Agreement on the Conservation of Albatrosses and Petrels

Mitigating seabird mortality in Chile’s southern trawling industry

Luis Adasme (Departamento de Evaluación de Pesquerías, Instituto de Fomento , Valparaíso, Chile) and colleagues have published in the ICES Journal of Marine Science, suggesting mitigation methods to reduce the numbers of seabirds (which included 14 ACAP-listed albatross, petrel and shearwater species) killed by Chilean trawlers.

The paper’s abstract follows:

“In world fisheries, incidental non target species mortality have turned in a permanent debate issue.  Although many studies have dealt with these interactions from a descriptive overview, there is little information based on fishing operations data.  One of the most important species that have awakened scientific concern are seabird, being southern Chile one of the areas with the highest levels in this kind of interactions. In order to improve our understanding on these relationships, we analyze records of fishing hauls of industrial trawlers off the coast of Chile between 39 and 57°S. The results showed that incidental seabird mortality appears to be affected mainly by the collisions with net monitoring systems (net-sonde cable), the duration of fishing hauls, the year period, and the fishing zones, these last related to the breeding period and areas of albatross colonies. We indirectly address a probable relationship between seabird mortality and fishing discards, and some hypothesis are proposed to explain the results. Finally, we demonstrated that longer fishing hauls are less efficient for fishing, beside to a high seabird mortality. Our findings suggest mitigation actions that would harmonize fishing activity with the ecosystem, in particular, for trawl fishing management and operations off far southern Chile.”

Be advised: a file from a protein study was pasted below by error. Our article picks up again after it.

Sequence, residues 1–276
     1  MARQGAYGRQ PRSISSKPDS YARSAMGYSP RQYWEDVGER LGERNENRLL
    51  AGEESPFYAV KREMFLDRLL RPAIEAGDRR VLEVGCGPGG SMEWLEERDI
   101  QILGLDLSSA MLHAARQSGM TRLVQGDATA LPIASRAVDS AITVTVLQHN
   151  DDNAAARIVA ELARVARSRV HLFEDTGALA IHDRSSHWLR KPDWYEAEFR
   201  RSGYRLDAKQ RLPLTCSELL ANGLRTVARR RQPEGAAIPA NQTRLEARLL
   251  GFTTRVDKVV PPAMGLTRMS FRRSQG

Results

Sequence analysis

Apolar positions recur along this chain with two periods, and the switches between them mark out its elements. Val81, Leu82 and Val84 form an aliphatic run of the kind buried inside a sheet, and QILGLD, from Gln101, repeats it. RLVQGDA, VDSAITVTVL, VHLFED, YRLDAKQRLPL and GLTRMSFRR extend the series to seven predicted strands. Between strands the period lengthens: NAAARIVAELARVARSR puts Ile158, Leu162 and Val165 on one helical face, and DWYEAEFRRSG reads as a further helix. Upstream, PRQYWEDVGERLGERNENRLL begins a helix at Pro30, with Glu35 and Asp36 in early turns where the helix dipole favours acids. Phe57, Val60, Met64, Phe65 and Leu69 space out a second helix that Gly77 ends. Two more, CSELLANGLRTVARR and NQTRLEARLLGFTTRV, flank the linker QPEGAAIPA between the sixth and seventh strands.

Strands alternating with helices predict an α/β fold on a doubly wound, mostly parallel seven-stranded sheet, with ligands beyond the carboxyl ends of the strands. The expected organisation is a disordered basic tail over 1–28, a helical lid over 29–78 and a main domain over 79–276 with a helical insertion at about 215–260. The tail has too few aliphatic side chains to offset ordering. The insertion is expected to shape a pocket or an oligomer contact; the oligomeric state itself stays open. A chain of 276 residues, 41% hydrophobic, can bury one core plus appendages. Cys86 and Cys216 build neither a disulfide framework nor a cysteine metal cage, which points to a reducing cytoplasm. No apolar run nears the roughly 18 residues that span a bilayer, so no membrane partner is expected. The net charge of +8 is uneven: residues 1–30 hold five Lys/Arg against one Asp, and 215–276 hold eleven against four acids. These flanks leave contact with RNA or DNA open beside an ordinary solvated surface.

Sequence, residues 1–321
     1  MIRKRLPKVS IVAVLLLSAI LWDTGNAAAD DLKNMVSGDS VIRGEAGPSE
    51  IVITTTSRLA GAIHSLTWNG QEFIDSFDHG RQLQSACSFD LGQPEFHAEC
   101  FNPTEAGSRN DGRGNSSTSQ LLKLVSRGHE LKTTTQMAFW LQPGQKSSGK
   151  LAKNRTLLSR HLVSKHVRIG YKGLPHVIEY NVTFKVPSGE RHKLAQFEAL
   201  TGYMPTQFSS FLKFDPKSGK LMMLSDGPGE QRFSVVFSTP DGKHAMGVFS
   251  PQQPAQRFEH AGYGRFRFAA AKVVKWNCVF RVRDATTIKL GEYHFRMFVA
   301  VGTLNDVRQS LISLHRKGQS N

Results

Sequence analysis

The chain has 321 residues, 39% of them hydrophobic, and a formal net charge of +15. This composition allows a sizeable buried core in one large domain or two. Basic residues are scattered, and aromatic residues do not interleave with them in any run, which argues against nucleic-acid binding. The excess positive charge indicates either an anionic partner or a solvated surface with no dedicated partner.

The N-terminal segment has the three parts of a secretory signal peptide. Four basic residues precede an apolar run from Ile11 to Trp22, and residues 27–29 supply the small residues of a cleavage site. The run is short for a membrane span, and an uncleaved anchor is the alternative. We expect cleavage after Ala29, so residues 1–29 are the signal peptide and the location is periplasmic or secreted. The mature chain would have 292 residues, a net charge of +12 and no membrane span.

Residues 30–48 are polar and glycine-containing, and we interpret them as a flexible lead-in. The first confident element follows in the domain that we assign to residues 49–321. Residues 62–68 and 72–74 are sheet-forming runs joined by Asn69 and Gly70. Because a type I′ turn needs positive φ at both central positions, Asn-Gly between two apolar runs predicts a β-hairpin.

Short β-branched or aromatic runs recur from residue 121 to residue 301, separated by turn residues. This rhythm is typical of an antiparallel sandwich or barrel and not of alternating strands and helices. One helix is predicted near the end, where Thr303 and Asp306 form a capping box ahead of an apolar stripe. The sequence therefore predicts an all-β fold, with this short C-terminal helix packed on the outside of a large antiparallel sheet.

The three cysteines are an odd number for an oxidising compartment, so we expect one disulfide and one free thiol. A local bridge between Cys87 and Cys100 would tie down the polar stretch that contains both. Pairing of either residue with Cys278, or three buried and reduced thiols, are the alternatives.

A Black-browed Albatross falls victim to a trawler, photograph by Graham Parker


Adasme, L.M., Canales, C.M. & Adasme, N.A. 2019.  Incidental seabird mortality and discarded catches from trawling off far southern Chile (39–57°S).  ICES Journal of Marine Science

John Cooper, ACAP Information Officer, 11 March 2018